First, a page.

Update: I originally posted this in May 3, 2009. I updated this post on July 26, 2009 to add advice in response to calls to action for Health 2.0 — the use of Web 2.0, Gov 2.0 and Enterprise 2.0 technologies to help improve medicine and health care. Its focus now outlines the major HHS and FDA regulations any Health 2.0 service provider will have to navigate to deliver a regulatory-compliant solution

Why this focuses on the management of UGC

Open Collaboration intrinsically involves the collection, moderation and management user generated content (UGC). In general, moderation of UGC is not a simple prospect. Moderation of UGC in a regulated space is even tougher – especially in the very highly regulated biotech, pharmaceutical and health care industries where UGC can now include disclosure of personal health history or inadvertent reporting of adverse events. Based on the sensitivity of any discussion of regulatory compliance, it is worth diverting a little of your attention to some disclaimers and background information:

  • I am not currently affiliated with any biotech, pharmaceutical or health care company. Nor am I affiliated with and PAC or PR firm supporting those industries. I am a Chief Information Officer for an enterprise social networking company, Neighborhood America.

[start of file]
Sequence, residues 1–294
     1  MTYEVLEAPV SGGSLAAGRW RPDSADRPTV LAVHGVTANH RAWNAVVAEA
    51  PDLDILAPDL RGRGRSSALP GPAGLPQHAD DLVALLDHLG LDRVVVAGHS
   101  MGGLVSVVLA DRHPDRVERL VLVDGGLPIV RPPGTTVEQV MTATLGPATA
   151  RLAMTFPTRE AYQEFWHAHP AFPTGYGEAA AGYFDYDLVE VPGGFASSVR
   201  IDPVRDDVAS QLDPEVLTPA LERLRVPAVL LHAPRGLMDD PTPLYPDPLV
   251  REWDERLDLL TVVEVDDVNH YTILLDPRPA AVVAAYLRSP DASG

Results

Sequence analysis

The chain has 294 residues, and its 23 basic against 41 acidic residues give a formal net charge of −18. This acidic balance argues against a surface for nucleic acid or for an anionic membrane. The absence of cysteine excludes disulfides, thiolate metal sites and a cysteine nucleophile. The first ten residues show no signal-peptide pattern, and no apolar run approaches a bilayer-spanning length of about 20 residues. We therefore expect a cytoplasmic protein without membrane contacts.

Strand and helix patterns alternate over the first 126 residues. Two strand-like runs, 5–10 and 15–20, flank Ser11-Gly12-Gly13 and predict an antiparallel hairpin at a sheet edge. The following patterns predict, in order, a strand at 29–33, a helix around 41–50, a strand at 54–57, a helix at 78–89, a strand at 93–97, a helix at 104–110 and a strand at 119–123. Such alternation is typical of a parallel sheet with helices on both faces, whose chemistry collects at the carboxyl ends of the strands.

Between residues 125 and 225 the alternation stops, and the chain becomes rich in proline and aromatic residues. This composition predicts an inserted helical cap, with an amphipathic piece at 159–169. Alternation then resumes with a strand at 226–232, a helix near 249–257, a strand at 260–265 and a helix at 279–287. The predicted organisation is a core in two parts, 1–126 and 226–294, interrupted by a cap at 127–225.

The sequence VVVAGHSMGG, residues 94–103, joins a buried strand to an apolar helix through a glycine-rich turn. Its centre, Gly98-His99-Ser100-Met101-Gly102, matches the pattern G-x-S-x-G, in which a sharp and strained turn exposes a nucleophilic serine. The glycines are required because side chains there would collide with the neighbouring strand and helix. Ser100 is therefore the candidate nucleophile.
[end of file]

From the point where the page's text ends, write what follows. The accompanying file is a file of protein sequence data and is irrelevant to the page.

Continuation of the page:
• Prior to this, I worked at Amgen (the world’s largest biotech.) Most of my tenure here was in their Regulatory Affairs & Safety Operations organization leading a program to scale closeout of clinical trial data and submission of Biologic and Drug Licensing Applications to the FDA (and its global counterparts)–a highly-regulated process–through combined use of process re-design and Enterprise 2.0 technologies
  • Before this, I worked at AOL where I owned many systems subject to compliance with numerous financial regulations (especially Regulations E and FD, and Section 404 of the Sarbanes-Oxley Act)
  • Prior to AOL, I spent nearly seven years Booz Allen Hamilton, Lockheed Martin and the US National Laboratory System where I learned strict adherence to control of information of various classification levels.

I state this so you will understand that, while I am someone deeply experienced in managing compliance of information management, I am not a doctor, FDA or EMEA official or similar certified compliance professional.

What regulations do I need to consider?